Robert J Modrzejewski
Robert was born in Milwaukee, Wisconsin on the 3rd of July, 1934. After graduating from Casimir Pulaski High School in 1953, he went on to Wisconsin State Teachers College and then on to the University of Wisconsin – Milwaukee. Here, Robert earned his Bachelor of Science degree in Education, but not before joining the US Marine Corps Reserve in 1955. He was a part of Platoon Leaders Class while at the University of Wisconsin and when he graduated in 1957, he was commissioned as a Second Lieutenant. Robert went on to Basic School at Quantico, Virginia, where he would also be an instructor until May of 1959.
Robert was the platoon leader of H&S Company and Company I of the 3rdBattalion, 3rd Marines, 3rd Marine Division, as well as the S-2 Officer for Company M. From 1960 until 1966, Robert served as an Equipment Officer, a Pathfinder Team Leader, a Parachute Pathfinder Team Leader, an Assistant Officer in Charge, and an Executive Officer, all with various units and was promoted to Captain in May of 1962. He was then ordered to the West Coast before deploying to the Republic of Vietnam as the Commanding Officer of Company K, 3rd Battalion, 5th Marines, 3rd Marine Division. It was his actions during the four day battle during Operation Hastings that would earn him the Medal of Honor. The citation reads:
For conspicuous gallantry and intrepidity at the risk of his life above and beyond the call of duty while serving as Commanding Officer, Company K, Third Battalion, Fourth Marines, Third Marines, Third Marine Division, in the Republic of Vietnam from 15 to July 18, 1966. On July 15, during Operation HASTINGS, Company K was landed in an enemy infested jungle area to establish a blocking position at a major enemy trail network. Shortly after landing, the company encountered a reinforced enemy platoon in a well organized, defensive position. Major (then Captain) Modrzejewski led his men in the successful seizure of the enemy redoubt, which contained large quantities of ammunition and supplies. That evening a numerically superior enemy force counterattacked in an effort to retake the vital supply area, thus setting the pattern of activity for the next two and one-half days. In the first series of attacks, the enemy assaulted repeatedly in overwhelming numbers but each time was repulsed by the gallant Marines. The second night the enemy struck in battalion strength, and Major Modrzejewski was wounded in this intensive action which was fought at close quarters. Although exposed to enemy fire, and despite his painful wounds, he crawled 200 meters to provide critically needed ammunition to an exposed element of his command and was constantly present wherever the fighting was heaviest. Despite numerous casualties, a dwindling supply of ammunition and the knowledge that they were surrounded, he skillfully directed artillery fire to within a few meters of his position and courageously inspired the efforts of his company in repelling the aggressive enemy attack. On July 18, Company K was attacked by a regimental size enemy force. Although his unit was outnumbered and weakened by the previous fighting, Major Modrzejewski reorganized his men and calmly moved among them to encourage and direct their efforts to heroic limits as they fought to overcome the vicious enemy onslaught. Again he called in air and artillery strikes at close range with devastating effect on the enemy, which together with the bold and determined fighting of the men of Company K, repulsed the fanatical attack of the larger North Vietnamese force. His unparalleled personal heroism and indomitable leadership inspired his men to a significant victory over the enemy force and reflected great credit upon himself, the Marine Corps and the United States Naval Service.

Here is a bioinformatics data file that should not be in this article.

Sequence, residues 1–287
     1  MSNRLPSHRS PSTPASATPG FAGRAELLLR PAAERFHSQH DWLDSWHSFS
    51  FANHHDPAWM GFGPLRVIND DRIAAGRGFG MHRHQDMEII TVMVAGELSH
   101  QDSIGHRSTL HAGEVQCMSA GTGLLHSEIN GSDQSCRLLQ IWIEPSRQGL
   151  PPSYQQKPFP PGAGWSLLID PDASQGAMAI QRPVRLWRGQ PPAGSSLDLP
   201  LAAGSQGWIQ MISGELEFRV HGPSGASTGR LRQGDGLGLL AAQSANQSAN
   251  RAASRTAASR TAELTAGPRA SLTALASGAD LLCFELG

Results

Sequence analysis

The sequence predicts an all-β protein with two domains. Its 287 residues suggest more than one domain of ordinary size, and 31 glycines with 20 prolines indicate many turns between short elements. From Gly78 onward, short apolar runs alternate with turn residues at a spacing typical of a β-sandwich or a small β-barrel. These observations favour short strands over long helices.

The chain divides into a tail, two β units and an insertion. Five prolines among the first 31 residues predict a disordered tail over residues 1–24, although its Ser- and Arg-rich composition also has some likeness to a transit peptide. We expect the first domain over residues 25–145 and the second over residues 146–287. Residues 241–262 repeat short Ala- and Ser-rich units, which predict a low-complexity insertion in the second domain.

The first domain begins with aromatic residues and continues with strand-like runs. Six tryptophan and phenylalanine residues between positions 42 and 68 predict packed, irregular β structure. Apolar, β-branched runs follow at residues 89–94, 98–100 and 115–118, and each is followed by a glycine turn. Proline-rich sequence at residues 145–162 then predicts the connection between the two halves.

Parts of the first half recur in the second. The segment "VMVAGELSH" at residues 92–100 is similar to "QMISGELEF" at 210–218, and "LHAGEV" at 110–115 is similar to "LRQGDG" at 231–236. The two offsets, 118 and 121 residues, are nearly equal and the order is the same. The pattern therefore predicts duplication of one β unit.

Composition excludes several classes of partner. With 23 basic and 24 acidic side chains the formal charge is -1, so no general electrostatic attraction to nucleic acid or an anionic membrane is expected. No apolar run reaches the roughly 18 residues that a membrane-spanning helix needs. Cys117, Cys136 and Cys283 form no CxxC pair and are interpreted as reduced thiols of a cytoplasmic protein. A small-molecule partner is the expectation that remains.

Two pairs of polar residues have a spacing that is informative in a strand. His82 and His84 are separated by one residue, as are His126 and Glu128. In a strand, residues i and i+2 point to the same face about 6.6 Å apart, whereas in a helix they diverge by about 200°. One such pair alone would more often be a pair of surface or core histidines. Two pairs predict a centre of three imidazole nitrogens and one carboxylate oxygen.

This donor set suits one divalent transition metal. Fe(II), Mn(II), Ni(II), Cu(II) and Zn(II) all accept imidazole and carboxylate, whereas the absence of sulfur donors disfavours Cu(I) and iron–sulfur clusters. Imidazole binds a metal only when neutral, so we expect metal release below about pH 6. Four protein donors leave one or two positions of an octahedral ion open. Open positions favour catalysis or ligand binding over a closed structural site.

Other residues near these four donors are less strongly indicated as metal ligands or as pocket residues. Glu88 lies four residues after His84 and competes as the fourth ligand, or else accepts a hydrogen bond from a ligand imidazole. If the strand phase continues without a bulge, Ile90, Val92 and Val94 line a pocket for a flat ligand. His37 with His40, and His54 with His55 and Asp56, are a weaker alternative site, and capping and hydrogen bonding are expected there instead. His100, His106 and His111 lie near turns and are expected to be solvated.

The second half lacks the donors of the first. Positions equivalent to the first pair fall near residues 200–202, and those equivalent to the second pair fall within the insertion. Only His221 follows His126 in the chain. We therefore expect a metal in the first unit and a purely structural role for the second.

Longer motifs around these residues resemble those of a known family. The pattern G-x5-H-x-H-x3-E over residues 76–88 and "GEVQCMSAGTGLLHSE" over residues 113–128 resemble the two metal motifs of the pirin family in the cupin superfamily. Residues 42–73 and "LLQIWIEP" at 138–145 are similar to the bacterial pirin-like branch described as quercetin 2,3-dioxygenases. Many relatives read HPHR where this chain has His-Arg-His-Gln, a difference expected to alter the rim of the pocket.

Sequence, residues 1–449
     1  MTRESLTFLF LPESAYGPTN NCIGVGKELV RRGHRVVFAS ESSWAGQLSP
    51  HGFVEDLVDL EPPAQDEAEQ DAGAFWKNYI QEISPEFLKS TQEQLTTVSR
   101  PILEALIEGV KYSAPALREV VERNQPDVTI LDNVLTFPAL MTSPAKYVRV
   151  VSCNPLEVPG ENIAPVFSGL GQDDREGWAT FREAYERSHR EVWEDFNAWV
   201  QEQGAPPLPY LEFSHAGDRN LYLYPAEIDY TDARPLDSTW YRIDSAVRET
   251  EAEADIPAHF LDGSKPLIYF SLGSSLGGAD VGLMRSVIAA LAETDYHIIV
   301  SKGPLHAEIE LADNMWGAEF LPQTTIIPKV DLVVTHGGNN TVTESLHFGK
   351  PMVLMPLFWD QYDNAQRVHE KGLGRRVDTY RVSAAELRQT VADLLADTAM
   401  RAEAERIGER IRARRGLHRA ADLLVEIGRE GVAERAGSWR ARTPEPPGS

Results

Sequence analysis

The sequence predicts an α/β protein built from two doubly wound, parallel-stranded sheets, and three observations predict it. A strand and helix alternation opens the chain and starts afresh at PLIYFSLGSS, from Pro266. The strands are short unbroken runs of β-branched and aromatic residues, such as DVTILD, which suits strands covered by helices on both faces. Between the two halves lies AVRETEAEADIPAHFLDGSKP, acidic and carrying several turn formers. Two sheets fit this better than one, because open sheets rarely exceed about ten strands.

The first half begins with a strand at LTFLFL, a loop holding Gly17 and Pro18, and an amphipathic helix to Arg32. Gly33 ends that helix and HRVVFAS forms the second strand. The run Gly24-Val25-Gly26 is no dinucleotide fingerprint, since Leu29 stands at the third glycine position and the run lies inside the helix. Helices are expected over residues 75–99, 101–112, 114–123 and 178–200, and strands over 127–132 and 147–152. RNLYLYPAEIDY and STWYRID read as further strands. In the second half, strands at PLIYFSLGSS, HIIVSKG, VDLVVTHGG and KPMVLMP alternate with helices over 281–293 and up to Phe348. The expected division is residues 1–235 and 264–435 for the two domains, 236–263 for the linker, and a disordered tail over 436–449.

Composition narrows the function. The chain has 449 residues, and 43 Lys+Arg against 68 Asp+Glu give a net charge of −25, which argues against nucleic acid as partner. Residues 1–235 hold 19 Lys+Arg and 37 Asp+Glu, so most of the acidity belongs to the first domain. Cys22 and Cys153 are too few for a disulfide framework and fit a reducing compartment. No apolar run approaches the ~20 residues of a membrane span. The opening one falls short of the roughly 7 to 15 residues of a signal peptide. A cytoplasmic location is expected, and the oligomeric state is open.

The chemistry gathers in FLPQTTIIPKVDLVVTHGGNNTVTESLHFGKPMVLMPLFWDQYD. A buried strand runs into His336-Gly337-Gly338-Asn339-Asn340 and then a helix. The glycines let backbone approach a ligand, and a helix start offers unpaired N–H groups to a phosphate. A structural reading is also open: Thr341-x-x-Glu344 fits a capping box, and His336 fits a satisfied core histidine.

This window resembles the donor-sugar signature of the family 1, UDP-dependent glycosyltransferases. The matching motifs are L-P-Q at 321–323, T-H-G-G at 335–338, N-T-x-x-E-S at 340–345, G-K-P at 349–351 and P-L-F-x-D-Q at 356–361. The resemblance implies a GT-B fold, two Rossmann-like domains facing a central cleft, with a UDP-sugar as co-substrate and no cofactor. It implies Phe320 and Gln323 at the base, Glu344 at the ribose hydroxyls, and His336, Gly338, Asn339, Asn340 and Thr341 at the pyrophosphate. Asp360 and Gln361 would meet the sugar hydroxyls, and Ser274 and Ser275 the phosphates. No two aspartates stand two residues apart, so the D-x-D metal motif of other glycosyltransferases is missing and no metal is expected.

Robert received his Medal of Honor from President Johnson on the 12th of March, 1968, in a ceremony at the White House. He was one of two Marines that received it that day, the other being John J McGinty III, whose story will be told on the next episode. Robert went from being the commanding officer of the Marine Barracks at the US Naval Academy in Annapolis, Maryland, to attending the Armed Forces Staff College in Norfolk, Virginia, in January of 1970. Once completed in June, he was sent to Marine Air Station, Kaneohe, Hawaii. Robert earned his Master's degree in Education from Pepperdine University in 1976 and ten years later, Robert retired from the Marine Corps as a Colonel and went on to teach Naval Junior ROTC classes for the San Diego Unified School District. Robert Joseph Modrzejewski still lives in San Diego and as of this recording is 84 years old.